The endophytic microorganisms described in this paper cause multiple changes in plant gene expression, with frequently improved performance of EPHs compared to plants that lack enhancement with symbiotic organisms. Of course, all plants are colonized by thousands of different microorganisms [12], and some of these can also be beneficial [126, 127], particularly if produced and applied by systems similar to those just described. However, we know that the purposeful application of the four groups of organisms described in this paper, with the appropriate combination of strains and plants under appropriate agronomic practices, provides specifiable benefits at the cellular and molecular levels as discussed below.

5.1. Optimized Internal Redox Environment (OIRE) and Resistance to Stress

Plants colonized by the symbionts described here induce specific changes in gene expression [72]. Alterations in plants’ gene expression include the enhanced expression of the genes that detoxify reactive oxygen species. Stress on plants, including overexcitation of their photosynthetic pigments, results in the production of ROS which are toxic. The endophytic organisms reviewed here all induce plants to be more resistant to stresses of many kinds, and the mechanisms, proteins, and metabolites that are induced are remarkably similar between these various symbionts (Table 2), even though their lifestyles and modes of plant colonization differ, as discussed in Section 2.

The ROS-degrading enzymes that detoxify ROS include monodehydroascorbate reductase (MDHAR), ascorbate peroxidase (APX), catalase (CAT), and dehydroascorbate reductase (DHAR) [49, 50, 52, 53, 59, 60, 128]. In addition, superoxide dismutase (SOD) acts directly upon the very damaging superoxide radical O2-, converting it to the less toxic H2O2 [129]. These several plant enzymes recycle antioxidants, particularly glutathione and ascorbate, from their oxidized form back to their reduced states.

When antioxidants react with ROS, the latter are oxidized and become inactive until again reduced. All of this lowers ROS levels and neutralizes their adverse effects. In this way, the cells of EPHs maintain an internal redox level that is more conducive to the efficient functioning of their cellular machinery. Such modified cellular systems can be characterized as having an optimized internal redox environment (OIRE) (Figure 3).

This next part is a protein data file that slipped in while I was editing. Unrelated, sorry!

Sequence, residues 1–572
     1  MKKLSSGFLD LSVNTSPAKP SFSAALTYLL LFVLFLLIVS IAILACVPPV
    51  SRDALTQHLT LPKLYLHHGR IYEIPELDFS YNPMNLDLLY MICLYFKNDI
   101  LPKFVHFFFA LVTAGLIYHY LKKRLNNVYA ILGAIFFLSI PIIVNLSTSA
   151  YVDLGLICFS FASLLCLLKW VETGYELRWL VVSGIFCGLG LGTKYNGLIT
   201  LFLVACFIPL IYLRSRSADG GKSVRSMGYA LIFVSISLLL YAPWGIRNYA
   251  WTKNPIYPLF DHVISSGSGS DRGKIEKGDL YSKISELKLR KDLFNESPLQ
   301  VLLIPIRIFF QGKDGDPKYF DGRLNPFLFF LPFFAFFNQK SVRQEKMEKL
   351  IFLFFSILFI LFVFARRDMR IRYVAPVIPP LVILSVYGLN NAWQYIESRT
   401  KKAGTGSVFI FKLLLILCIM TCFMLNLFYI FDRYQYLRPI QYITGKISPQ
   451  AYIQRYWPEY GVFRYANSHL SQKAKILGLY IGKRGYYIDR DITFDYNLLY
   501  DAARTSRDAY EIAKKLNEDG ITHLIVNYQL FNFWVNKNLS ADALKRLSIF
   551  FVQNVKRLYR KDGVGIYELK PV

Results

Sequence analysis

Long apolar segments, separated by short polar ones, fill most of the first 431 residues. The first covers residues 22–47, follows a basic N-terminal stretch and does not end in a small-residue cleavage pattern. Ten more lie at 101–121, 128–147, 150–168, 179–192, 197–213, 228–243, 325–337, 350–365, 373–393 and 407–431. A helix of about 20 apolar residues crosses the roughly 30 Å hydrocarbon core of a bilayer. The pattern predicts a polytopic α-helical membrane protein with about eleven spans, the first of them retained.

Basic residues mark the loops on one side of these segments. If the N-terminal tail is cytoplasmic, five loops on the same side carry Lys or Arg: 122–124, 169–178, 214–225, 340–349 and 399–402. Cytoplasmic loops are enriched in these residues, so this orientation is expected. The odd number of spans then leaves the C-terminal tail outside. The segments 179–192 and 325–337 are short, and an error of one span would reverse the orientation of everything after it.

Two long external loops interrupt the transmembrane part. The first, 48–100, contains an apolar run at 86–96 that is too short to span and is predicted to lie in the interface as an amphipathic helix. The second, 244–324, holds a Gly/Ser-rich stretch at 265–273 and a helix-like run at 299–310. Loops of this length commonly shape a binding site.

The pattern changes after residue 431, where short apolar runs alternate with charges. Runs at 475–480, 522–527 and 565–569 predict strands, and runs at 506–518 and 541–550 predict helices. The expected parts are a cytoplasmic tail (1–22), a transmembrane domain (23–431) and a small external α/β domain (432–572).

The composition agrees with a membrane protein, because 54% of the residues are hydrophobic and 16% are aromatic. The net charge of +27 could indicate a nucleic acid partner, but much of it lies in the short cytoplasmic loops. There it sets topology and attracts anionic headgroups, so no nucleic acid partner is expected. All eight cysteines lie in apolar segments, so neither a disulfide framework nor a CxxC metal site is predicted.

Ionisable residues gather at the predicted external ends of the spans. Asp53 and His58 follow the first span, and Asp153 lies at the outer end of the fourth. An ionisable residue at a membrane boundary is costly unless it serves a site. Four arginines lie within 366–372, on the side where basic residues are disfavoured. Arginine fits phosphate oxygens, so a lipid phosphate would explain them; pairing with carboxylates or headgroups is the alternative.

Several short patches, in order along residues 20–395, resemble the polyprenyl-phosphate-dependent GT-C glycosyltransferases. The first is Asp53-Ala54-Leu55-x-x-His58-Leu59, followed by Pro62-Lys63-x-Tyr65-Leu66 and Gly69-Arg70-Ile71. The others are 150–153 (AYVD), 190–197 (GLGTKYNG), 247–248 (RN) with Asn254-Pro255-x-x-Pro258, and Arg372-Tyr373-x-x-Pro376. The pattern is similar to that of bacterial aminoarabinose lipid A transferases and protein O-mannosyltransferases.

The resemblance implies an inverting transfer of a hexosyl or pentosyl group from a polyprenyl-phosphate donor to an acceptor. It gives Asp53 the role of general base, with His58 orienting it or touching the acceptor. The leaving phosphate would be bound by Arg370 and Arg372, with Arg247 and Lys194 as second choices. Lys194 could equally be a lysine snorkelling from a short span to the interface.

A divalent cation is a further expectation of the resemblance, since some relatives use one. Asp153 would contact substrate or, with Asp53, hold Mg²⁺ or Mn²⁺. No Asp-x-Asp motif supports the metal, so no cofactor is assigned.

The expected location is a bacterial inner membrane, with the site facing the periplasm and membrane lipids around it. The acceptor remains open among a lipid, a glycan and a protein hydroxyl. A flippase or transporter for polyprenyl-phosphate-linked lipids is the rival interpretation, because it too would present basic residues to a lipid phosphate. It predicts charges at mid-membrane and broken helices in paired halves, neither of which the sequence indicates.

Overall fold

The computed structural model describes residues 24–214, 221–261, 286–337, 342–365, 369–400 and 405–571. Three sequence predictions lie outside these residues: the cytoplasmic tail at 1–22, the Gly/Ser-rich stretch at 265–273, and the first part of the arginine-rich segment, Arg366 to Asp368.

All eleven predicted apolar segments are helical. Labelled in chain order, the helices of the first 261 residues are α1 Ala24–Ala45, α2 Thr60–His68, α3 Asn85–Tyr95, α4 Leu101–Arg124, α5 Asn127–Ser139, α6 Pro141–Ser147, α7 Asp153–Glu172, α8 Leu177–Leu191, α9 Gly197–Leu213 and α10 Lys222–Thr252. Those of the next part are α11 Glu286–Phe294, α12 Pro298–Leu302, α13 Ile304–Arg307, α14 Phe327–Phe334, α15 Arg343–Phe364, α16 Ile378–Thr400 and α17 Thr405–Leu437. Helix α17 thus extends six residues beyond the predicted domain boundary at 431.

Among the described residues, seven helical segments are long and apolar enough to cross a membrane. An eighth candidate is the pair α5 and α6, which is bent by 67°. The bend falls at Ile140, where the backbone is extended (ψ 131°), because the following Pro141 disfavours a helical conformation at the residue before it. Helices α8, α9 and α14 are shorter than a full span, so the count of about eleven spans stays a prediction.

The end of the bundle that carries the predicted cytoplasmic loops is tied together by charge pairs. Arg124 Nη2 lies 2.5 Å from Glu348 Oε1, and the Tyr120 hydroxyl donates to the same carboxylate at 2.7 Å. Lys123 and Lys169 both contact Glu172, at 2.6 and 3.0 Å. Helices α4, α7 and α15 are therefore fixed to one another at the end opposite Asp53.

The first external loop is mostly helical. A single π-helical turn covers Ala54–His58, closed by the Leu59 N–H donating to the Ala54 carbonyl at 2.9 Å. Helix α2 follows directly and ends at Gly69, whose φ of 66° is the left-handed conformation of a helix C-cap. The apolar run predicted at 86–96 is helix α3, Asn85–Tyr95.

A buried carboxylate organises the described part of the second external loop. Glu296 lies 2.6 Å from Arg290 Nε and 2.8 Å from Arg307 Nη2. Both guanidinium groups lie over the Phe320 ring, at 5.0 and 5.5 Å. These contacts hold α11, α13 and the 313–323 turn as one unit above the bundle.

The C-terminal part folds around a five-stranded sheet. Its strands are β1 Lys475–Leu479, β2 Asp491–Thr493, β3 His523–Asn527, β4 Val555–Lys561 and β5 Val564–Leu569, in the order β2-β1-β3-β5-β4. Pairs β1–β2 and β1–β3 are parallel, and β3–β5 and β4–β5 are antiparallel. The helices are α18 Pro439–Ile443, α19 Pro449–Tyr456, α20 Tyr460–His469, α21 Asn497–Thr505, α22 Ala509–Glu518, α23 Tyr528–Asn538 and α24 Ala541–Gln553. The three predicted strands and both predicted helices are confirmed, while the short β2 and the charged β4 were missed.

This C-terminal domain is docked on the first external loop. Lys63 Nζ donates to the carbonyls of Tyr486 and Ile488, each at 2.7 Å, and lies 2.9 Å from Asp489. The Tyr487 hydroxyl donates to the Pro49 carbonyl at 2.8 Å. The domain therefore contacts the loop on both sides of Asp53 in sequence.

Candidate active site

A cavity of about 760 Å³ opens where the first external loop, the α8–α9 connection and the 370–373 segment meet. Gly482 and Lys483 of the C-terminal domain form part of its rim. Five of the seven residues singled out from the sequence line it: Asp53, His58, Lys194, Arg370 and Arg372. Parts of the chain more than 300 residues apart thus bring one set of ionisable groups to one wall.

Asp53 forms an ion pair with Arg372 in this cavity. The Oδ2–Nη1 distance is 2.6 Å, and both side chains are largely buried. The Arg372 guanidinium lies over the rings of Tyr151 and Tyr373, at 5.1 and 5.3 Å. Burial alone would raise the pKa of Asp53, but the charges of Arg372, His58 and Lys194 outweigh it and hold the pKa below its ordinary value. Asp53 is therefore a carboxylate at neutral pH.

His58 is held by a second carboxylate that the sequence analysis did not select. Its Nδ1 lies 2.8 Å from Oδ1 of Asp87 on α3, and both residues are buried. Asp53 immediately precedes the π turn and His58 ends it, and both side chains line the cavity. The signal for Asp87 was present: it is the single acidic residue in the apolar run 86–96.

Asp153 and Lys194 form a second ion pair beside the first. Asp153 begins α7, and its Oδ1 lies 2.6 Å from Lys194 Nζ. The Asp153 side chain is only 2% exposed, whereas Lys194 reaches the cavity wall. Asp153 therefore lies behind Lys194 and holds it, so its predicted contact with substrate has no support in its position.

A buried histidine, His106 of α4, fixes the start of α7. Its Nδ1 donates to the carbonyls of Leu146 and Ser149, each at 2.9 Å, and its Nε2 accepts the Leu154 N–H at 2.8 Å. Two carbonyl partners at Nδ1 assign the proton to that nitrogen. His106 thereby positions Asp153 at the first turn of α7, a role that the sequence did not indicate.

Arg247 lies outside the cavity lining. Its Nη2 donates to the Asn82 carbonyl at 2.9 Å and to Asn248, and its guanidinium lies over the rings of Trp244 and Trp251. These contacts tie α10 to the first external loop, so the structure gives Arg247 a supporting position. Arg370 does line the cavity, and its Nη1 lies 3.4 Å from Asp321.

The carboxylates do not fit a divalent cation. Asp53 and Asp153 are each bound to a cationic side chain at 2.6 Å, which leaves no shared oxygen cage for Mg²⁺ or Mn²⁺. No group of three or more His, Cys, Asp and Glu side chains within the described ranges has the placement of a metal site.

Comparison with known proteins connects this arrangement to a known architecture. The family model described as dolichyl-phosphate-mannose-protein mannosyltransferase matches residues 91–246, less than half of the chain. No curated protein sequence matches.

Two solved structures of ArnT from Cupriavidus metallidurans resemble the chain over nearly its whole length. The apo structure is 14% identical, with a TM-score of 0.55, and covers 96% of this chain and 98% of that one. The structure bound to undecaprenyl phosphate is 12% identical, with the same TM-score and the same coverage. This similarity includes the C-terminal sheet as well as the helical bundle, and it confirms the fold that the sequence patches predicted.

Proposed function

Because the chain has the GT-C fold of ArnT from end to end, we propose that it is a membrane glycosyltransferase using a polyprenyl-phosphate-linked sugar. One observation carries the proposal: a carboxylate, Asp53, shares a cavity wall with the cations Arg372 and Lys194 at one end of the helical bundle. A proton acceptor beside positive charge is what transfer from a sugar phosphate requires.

Figure 3: Diagrammatic presentation of how plants and their photosystems are protected from damage by ROS, which is induced by both stress and by photoexcitation. All of the endophytes described in this article have the ability to countervail ROS damage. We hypothesize that this result occurs in better-functioning plants that have optimized internal redox potential.

The effects of an OIRE help to explain the beneficial effects that microbial symbionts provide to plants [49, 5153, 5860]. The antioxidant system in plants operates as a recycling system. If the enzymes for recycling are overexpressed, as they are in the presence of endophytic microbes, especially under stressful conditions, then when ROS levels become high they can be scaled back so that plant cells’ internal environment is maintained in a condition where there is balance and complementarity between the chemical processes of oxidation and reduction, summarized in terms of redox potential.

Further, under conditions of drought or salt concentration, plants must protect themselves from losing water into the soil because of osmotic pressure. One method of protection is through the increased production of osmoprotectants, e.g., proline, betaines, and sugars. Several studies have shown that these are increased in the presence of endophytes [50, 128]. All of these mechanisms, including ROS alleviation, are known to be induced in plants by root endophytes.

Throughout this article, we have been discussing EPH increases in the growth of both shoots and roots, plus active plant defenses employed against both biotic and abiotic stresses, and plants’ ability to modulate ROS toxicity. All of these functions require the synthesis of new organic compounds and the formation of biological structures. For this, the production of additional proteins, nucleic acids, and other compounds is needed. These several processes are dependent on plants’ ability to carry out photosynthesis.

5.2. Photosynthesis

To accomplish these various results, photosynthesis must be somehow increased and possibly accelerated. Unless there are increases, none of these results can be achieved since both energy and fixed carbon are necessary for all of the processes described in this review [130].